What a wonderful start to my new year.
I’m what’s commonly called a semi-retired teacher, although I prefer the term ‘freelance educator’. It means I’ve swapped the restrictions of the classroom for a free-wheeling life where I can more or less teach who I like, when I like. Perfect!
Spring Term started this week, and with it a new enquiry from the mother of a home-educated 10 year old. I’ll call her Ruby.
“She didn’t get on too well with school,” the mum explained. “She was doing okay with the work but had some negative experiences.”
There was a slight pause, then, “She’s Aspergers…”
I assured her that I was pretty familiar with Aspergers and (because I generally do find myself able to react appropriately in social situations) resisted the urge to punch the air and shout, “YESSSSSS!”
You see I love – totally love – working with Aspie kids. I consider it the greatest privilege to be given a glimpse of how their minds work. They’re always exciting, unpredictable and endlessly interesting.
Ruby didn’t disappoint. Her soft, slow, dreamy voice was enchanting. Every word was carefully considered and chosen for exact meaning.
As I knew nothing about what she had learned so far, we started with an assessment of her maths ability.
“Do you know the meaning of ‘parallel’?” I asked.
Her eyes shone. “I’m familiar with the idea of parallel universes,” she told me, and went on to share her knowledge on that subject, giggling with pure delight at the idea that things we can barely imagine could be happening elsewhere, in other dimensions.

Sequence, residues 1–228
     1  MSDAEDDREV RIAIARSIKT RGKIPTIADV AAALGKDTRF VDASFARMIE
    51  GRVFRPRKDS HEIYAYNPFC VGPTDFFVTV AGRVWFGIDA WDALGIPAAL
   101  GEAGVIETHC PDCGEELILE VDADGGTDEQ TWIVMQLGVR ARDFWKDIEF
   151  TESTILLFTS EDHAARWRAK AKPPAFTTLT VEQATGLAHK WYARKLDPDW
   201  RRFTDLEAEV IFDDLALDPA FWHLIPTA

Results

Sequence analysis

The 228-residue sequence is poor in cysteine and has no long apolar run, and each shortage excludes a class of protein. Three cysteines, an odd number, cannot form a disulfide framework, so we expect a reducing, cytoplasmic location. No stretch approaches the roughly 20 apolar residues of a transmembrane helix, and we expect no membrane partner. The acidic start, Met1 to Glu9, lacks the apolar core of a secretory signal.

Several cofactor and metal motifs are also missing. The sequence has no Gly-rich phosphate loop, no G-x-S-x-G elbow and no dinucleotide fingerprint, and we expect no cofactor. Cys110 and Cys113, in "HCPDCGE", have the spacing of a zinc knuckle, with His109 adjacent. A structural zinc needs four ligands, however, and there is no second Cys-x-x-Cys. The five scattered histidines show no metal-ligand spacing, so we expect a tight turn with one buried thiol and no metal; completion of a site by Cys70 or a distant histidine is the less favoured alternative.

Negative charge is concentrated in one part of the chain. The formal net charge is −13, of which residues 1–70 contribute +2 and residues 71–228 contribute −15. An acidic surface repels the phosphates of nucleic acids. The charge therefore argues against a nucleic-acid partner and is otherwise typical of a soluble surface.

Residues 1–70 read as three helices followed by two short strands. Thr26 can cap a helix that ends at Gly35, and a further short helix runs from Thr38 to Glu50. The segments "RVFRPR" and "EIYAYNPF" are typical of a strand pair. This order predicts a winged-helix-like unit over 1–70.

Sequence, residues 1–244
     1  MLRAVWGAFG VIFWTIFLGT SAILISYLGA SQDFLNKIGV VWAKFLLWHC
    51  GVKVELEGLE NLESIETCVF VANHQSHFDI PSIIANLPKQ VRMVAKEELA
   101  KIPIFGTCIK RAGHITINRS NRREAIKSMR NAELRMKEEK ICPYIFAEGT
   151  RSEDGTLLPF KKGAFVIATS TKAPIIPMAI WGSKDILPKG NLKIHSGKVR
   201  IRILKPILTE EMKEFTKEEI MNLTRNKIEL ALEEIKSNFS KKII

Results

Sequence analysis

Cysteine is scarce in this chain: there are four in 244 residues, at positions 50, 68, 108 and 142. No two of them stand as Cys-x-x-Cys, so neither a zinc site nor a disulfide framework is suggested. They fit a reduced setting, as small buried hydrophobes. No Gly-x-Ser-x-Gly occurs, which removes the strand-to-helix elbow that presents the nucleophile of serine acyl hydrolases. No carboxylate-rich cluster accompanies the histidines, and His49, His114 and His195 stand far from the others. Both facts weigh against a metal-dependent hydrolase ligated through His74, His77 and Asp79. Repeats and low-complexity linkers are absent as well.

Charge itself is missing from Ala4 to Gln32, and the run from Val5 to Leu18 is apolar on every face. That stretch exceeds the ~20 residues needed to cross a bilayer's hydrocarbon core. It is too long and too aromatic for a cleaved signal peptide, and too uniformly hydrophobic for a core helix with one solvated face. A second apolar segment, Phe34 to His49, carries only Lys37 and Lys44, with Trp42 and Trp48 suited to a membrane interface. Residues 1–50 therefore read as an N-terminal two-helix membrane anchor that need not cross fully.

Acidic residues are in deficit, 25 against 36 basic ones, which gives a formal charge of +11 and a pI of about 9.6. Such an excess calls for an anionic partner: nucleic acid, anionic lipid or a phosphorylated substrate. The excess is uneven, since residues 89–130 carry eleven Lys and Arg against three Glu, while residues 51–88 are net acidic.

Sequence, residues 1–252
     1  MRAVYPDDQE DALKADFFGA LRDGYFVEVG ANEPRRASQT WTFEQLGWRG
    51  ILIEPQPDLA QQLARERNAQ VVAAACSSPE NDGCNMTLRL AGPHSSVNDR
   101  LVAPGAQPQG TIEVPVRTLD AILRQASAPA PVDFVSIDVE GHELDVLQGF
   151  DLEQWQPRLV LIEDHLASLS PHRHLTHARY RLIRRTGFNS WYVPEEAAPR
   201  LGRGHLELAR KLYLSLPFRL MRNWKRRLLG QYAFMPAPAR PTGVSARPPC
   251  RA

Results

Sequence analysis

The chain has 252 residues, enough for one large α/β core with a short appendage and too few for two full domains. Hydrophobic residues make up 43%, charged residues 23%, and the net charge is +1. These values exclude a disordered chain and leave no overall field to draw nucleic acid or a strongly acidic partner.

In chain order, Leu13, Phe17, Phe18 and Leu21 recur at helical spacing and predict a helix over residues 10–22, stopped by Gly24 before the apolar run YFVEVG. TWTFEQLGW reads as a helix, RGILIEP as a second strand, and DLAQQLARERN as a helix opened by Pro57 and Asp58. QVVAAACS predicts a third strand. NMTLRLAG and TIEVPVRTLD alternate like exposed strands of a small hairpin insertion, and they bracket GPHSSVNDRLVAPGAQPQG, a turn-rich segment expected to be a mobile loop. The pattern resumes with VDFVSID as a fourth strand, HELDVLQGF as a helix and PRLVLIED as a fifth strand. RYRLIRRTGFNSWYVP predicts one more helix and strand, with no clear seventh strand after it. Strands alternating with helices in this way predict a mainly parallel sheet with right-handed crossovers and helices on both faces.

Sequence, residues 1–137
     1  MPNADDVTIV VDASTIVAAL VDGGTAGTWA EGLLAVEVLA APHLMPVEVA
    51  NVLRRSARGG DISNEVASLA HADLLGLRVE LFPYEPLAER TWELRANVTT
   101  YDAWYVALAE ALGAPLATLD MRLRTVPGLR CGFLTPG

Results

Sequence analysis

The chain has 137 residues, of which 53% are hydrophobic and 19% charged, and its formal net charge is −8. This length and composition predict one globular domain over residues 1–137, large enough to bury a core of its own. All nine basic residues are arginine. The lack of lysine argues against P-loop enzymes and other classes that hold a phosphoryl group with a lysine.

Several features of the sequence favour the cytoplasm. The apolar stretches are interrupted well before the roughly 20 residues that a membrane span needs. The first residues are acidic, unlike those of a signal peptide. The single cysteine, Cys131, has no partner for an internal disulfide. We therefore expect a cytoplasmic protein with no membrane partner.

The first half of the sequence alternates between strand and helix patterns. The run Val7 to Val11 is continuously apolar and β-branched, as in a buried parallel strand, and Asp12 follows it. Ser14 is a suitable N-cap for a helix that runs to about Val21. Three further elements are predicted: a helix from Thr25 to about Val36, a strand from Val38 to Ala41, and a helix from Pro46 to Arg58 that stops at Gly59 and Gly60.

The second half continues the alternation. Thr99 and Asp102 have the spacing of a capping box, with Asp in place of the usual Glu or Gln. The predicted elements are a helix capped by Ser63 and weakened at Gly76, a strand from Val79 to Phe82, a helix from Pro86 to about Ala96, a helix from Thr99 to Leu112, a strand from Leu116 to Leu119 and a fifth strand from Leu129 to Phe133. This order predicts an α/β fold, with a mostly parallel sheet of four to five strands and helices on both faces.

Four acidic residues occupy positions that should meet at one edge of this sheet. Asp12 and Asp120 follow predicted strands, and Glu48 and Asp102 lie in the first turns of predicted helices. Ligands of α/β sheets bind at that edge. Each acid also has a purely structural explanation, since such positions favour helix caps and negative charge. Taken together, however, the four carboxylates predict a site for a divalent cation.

I forced myself back to the maths. Could she name the different types of triangles?
“Well that one looks the same shape as the Illuminati symbol,” she informed me. “You know – like on American money… Do you know about the Illuminati?” and she proceeded to share her knowledge on that subject, too, before I could answer.
Time was slipping by and when I gently pointed out that we needed to complete some of the work on the table, as her mother was paying me to teach her English and maths, she regarded me seriously.
“That’s right,” she said slowly and wonderingly. “Everyone needs money, because that’s the way they are able to get the things they need.”
She spoke as if she’d just strayed on to this planet and now understood this strange but widespread custom.
“Some of the people in my school found me annoying,” she commented once, but with no trace of malice.
I nodded sadly. Everyone I’d met who perceived and behaved in the way labelled ‘Aspergers Syndrome’ had suffered at the hands of those unable to tolerate diversity. Others were unnerved by their honesty, their willingness to question everything and their need to explore the minutest details of whatever was interesting to them at that moment. Teachers became frustrated and impatient; fellow pupils mocked and teased – or worse.
Ruby selected a reading book from the pile in my study – a Jacqueline Wilson story with a very direct approach to the problems facing a child whose parents had divorced.
“Oh!” she cried, after reading the first page. “You know this is just about telling the story of my life.”
“Is it going to be too upsetting for you?” I asked, wondering whether I should have steered her towards some lighter reading.
She thought for a moment. “Not upsetting,” she finally said. “It is emotional because my dad said just the things her dad is saying to her and I had to choose which parent to live with, too. But I think it will be good for me to read this book because I can understand what is happening.”
In school, I’d have had to produce comprehension sheets on the set book. Thank goodness I’m freelance. With an Aspergers child, it’s wise to throw away all the planning, advice and text books and to gently sit beside them as they make their educational journey.
I feel so lucky to be sharing in Ruby’s for a while.